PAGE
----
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Saturday, 14 April 2012

A dream gone with the wind

A man and his wife, along with their three children, who had spent 13 years building a home at Tubusereia village would see all that dream shattered by a whirlwind in a matter of seconds early this year.

The exact time and date of that calamity was recorded as 9.00pm, Friday 3rd February 2012.

It strikes us as sad yet fascinating that such a mishap should befall a family in February, a time of year when the planting season is over and when a subsistence family gets settled down to waiting for the gardens to mature. In a way, February is a month of rest for most traditional settings and family units.

But for a thing like this to happen to a man and his family after 13 years of toil and sweat leaves us wondering if it is nature that has strayed from us or us deviating from proper respect and reverence for it.

Haraga A. Sibona had those thoughts in mind when he visited storyboard last week. He wanted the story of this Tubusereia family to be shared by other Papua New Guineans.

The family in question is Mr Malaga Rei’s, a bese along the Dere shoreline of Tubusereia.

Mr Malaga Rei is 57 years old, and with a quietly spoken wife has three children: two adult males namely Odi and Edea and a teenage daughter.

Mr Rei currently works as part of the auxiliary staff of the Port Moresby General Hospital and one can imagine the anxiety that besets most working men his age in Papua New Guinea, especially upon the verge of retirement. Something must be done by way of home and security for family before the nominal age catches up. Hence, the hard work put in by the Rei family over a 13 year period.

But all that effort would go with the wind, as it were, within seconds.
There was something mysterious about the formation of the wind that came swooping in to Tubusereia, mused Haraga Sibona in a passionate mixture of Motu and English narrative.

“It was believed to be a whirlwind,” he said, “that was seen just off shore Taurama Bay, approaching the inner waters of the Bootless Bay and towards the village. According to the villagers there was an unfamiliar stretch of darkness conforming with the features of that oncoming imminent storm. In the midst of this scenario was a faded white image of the whirlwind moving and circling like a disc as it headed towards the village.”

“The wind struck the southern end of the village at about 9 o’clock pm,” continued Haraga Sibona, “blowing down the Rei family house in seconds. The verandah and roofing parts of four other homes within the Dere and Ikanaia beach and shores were simultaneously damaged. In the darkness there were sounds of corrugated iron roofing and timber smashing and ripping apart from the Rei family house. Household materials and items went crashing in the sea or tossed on the shore banks and the hillside. Windows, roofing and wall frames were thrown in the air like pieces of paper over the tops of neighbouring houses. Two power poles were bent, one damaging the timber walkway leading the Rei family house and the other causing partial damaged to a house next door. The aftermath the next morning was a scene of debris littering the beaches of Dere and Ikanaia.”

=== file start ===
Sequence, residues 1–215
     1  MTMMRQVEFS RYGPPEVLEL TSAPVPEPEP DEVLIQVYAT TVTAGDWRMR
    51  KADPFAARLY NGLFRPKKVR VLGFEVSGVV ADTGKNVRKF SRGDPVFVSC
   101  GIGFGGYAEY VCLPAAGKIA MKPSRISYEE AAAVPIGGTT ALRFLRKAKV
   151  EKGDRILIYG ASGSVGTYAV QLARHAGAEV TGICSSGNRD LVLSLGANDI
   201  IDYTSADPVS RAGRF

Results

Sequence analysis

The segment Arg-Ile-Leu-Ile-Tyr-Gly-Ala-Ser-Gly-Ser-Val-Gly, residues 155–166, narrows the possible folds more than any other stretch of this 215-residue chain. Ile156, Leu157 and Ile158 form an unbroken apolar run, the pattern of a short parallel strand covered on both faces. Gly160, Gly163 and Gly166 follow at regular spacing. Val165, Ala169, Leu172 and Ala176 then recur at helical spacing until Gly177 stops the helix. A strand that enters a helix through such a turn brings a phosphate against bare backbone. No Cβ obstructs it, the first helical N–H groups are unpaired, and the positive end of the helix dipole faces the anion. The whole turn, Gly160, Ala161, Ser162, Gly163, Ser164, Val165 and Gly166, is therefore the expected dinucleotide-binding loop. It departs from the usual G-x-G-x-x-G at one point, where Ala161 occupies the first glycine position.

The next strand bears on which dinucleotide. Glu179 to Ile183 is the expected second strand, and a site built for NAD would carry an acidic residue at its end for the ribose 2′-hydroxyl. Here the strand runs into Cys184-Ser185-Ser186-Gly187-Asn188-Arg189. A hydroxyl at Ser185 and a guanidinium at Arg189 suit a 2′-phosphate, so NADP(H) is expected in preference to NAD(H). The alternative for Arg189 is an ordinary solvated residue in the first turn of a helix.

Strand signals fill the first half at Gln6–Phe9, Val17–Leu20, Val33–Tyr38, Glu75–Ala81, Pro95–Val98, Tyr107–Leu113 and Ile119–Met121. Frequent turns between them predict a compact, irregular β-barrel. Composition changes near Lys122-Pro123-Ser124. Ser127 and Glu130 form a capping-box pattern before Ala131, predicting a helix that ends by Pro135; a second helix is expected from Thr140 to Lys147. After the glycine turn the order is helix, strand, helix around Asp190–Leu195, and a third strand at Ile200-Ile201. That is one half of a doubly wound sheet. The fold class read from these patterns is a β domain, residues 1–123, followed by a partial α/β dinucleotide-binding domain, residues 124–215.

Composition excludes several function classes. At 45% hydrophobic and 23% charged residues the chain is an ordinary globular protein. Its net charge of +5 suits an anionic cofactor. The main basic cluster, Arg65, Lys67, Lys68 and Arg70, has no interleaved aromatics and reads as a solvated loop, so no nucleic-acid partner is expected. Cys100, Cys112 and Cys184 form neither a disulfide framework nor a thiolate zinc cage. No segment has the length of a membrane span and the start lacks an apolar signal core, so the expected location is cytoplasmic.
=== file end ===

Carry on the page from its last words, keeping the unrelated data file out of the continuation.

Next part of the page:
“Mr Malaga Rei, known to his folks as a humble man who greets fellow villagers with a smile, was thoroughly shaken by this tragedy. On that early Saturday morning he sat in silence on a pile of belongings he has gathered with tears in his eyes. He felt devastated loosing what he termed as his only valuable family asset. Otherwise he was at a loss for words to describe his ordeal which was the first of its kind for him in all his lifetime. His beloved and quiet spoken wife was speechless but gave a wry smile to those who came by to offer comfort.”

At this point Haraga Sibona paused as if searching for words, but continued.

“Mr Rei tried to relay his feelings of how both he and his wife watched their children grow up without any kind of trouble like this one. They built the house successfully; they brought PNG Power to it to light it up. And then tragedy struck. He and his wife were the only ones in the house when that happened. A regular congregation member of the local church he commends the God almighty’s protection for him and his wife’s safety. Their two sons, the second of whom is a father of two children were in the city when the wind struck. Their only teenage daughter was with the other family next door. That family too was hit by the wind causing damage to the roofing parts of their house, but they were all able to escape unhurt.”

As Haraga Sibona completed this story of the Rei family storyboard asked what was being done at this time for the family to rebuild. An appeal was launched, explained Sibona, at the Tubusereia United Church for a general pledge of donations in cash and kind towards the Rei family in their time of despair. The Rei boys, Odi and Edea, have already pledged their intention to rebuild at the same site and are doing what they can to raise the funds. But we hope to spread this story far and wide for those who might want to share these silent thoughts with us and help if they can.  

  Published in the Post Courier’s Weekend Courier, Saturday 7th April, 2012. Copyright © 2012 by Haraga A. Sibona.                         

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